Phil Bourque on D&C: Bruins-Penguins will go back to Pittsburgh
|06.07.13 at 10:24 am ET|
Penguins radio analyst Phil Bourque, a Chelmsford native, joined Dennis & Callahan on Friday morning, and while much of the talk was about why the Penguins have played so poorly in the series, he made no jokes about what he expects to happen next in the Eastern Conference finals.
“I believe we’re going back to Pittsburgh for Game 5,” Bourque said, echoing the thoughts of coach Dan Bylsma. “I believe you’re going to see the best out of the Pittsburgh Penguins. I think it’ll be another low-scoring, tight game, one-goal game, and it’s all about the breaks right now. It’s about who’s going to get the bounces, who’s going to get the breaks, who’s best players are going to step up and help the rest.”
“I fully believe we’re going back to Pittsburgh for five — and then it’s game on. Then anything can happen. The seeds are planted.”
Bourque referenced two other series that could give the Penguins some encouragement: the Bruins-Flyers conference semifinals in 2010, during which Boston took a 3-0 lead before completely collapsing, as well as the AHL Eastern Conference semifinal series between the Providence Bruins and the Wilkes-Barre/Scranton Penguins.
Like in the NHL version, the P-Bruins jumped out to a 3-0 lead. But then, without Torey Krug and Matt Bartkowski, who were called up to Boston, Providence lost the next four games.
“In our eyes, the seeds are planted [if Pittsburgh wins Game 4]. You have a lot of players still here from 2010 for what happened with the Flyers, and we’re going to beat the drum of what happened with the Providence Bruins and the Wilkes-Barre/Scranton Baby Penguins,” Bourque said. “When games are very tight, we’ve hit some posts. And I know the Bruins have hit some posts, too, but one or two of those go in in a tight playoff series, tight playoff game, that can change a lot.”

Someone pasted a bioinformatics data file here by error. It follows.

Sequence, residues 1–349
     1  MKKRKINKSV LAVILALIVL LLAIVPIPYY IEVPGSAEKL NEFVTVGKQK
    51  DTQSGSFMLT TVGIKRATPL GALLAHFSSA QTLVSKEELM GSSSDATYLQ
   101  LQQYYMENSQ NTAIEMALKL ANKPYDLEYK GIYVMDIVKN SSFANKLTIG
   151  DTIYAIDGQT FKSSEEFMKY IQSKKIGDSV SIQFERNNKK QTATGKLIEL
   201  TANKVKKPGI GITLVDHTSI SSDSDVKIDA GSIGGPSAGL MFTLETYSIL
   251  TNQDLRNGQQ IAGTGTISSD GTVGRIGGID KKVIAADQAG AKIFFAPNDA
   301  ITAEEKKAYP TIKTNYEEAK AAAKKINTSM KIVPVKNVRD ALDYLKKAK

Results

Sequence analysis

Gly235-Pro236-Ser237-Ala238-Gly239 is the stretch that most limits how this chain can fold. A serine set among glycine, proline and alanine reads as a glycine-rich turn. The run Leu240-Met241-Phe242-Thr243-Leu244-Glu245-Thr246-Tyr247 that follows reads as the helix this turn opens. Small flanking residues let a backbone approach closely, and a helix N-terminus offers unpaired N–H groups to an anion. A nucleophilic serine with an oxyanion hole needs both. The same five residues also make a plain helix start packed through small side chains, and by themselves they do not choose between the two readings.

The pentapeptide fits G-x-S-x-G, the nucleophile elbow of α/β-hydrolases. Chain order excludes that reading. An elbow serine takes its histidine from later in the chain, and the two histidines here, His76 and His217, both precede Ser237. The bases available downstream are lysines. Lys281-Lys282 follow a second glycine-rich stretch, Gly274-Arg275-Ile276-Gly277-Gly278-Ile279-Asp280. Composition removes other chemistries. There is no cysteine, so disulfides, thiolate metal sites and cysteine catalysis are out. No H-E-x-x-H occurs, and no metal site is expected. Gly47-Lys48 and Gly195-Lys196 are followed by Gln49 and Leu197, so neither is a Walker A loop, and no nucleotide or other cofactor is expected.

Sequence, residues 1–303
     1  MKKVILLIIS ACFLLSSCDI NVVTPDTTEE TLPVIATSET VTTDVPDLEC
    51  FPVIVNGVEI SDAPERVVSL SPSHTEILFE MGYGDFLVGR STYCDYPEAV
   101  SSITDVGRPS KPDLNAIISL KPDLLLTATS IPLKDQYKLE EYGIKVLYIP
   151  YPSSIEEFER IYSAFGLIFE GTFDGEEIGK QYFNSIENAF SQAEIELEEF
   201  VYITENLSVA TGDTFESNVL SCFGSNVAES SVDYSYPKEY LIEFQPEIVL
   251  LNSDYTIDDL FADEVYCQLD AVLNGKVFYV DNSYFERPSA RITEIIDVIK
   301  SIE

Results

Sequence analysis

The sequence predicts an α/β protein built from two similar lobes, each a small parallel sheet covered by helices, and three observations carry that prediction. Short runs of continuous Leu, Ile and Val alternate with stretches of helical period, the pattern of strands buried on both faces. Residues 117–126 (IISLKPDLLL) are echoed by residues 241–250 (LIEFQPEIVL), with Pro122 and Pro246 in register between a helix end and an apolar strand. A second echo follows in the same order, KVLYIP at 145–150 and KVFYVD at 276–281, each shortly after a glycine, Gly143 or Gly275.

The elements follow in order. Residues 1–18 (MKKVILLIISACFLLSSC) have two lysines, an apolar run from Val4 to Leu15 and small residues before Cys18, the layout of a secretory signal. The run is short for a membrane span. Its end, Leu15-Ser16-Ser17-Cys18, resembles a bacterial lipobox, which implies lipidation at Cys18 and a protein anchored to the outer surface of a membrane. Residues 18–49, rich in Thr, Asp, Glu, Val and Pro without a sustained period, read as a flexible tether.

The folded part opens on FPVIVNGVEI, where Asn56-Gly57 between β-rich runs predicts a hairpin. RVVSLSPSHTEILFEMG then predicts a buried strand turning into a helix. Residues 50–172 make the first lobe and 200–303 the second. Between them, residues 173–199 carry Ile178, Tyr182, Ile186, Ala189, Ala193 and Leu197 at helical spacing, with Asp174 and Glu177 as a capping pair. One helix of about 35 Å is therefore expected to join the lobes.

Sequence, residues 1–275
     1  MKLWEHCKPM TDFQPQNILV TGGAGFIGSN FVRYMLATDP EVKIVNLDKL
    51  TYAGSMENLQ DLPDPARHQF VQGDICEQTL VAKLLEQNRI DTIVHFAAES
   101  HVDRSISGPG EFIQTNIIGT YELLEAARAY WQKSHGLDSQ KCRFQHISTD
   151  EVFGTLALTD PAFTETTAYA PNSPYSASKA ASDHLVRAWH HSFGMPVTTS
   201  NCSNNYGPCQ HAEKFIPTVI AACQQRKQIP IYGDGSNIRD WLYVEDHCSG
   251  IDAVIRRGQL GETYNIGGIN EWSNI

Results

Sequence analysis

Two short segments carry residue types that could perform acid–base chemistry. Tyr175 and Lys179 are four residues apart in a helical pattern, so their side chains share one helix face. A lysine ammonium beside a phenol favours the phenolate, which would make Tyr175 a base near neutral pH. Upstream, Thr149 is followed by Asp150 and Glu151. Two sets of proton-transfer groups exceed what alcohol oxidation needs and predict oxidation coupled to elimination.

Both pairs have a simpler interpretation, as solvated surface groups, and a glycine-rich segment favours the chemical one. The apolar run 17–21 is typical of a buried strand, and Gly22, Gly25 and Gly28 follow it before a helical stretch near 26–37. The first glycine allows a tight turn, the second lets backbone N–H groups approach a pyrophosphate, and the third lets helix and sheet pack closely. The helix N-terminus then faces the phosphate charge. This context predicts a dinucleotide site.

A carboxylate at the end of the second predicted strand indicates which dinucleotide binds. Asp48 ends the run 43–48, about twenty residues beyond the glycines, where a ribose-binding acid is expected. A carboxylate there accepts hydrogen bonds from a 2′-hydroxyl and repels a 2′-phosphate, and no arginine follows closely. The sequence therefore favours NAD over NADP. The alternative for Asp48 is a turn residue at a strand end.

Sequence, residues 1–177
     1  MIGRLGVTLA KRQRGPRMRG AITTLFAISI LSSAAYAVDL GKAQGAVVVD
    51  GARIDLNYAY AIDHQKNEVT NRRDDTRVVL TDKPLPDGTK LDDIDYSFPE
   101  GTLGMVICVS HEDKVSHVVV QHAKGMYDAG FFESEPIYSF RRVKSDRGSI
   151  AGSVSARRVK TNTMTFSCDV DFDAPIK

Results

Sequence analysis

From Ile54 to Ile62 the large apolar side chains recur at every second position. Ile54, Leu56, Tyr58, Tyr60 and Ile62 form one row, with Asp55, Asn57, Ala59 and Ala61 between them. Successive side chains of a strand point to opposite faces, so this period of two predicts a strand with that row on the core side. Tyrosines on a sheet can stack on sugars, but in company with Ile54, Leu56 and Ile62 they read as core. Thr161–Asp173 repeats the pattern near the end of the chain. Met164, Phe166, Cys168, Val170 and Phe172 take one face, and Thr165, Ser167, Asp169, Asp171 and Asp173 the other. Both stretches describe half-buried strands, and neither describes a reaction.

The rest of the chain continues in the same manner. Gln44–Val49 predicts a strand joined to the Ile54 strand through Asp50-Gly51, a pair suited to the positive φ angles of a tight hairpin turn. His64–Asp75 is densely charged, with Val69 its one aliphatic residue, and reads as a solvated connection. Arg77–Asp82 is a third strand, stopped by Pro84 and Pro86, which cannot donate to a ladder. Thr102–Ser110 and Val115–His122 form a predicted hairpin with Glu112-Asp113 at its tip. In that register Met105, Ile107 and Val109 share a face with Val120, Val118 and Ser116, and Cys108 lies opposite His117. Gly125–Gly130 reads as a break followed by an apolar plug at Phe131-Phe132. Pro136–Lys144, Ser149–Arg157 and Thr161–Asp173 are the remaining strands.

The Penguins will need to fix what has plagued them the first three games — namely, their defensive lapses and not trying to rush or force things in their offensive zone — and their big-name players will need to play the way they are capable of.
“I’m not sure what it is, but we have not played even close to Penguin hockey yet this series,” Bourque said. “The Penguins stars have not shown up in this series yet. I think they’ve gotten pretty good goaltending for the most part, given them a chance. But defensively, that’s my biggest concern, our defensive lapses.”
Bourque credited the Bruins for playing “perfect road hockey” in the first two games in Pittsburgh and doing what they had to to squeak out a Game 3 win. Pittsburgh’s deficit is a combination of the Pens’ poor play and Bruins’ strong play, and Pittsburgh has yet to truly test goalie Tuukka Rask.
Bourque, who played eight seasons for the Penguins in the 1980s and early 90s, acknowledged that heads may roll in Pittsburgh, particularly if the Pens get swept, but he isn’t so sure coach Bylsma’s job is in danger either way.
Still, he expects the Penguins to make some noise before it’s all said and done. Jarome Iginla, who has nearly been invisible all series, could play a role in that.
“I’m at a loss of words,” Bourque said of the midseason acquisition. “I can’t believe that he hasn’t been a major factor in this series. Maybe we’ll see it [Friday] night. But he’s been uncharacteristically quiet. He had a couple of big hits in Game 3 when you thought he was going to really be the Jarome Iginla that everybody feared when they played against him. He’s been really, really quiet.
“On the Boston side I’m thinking, ‘Well, maybe this guy’s going to wake up tonight.’ ”
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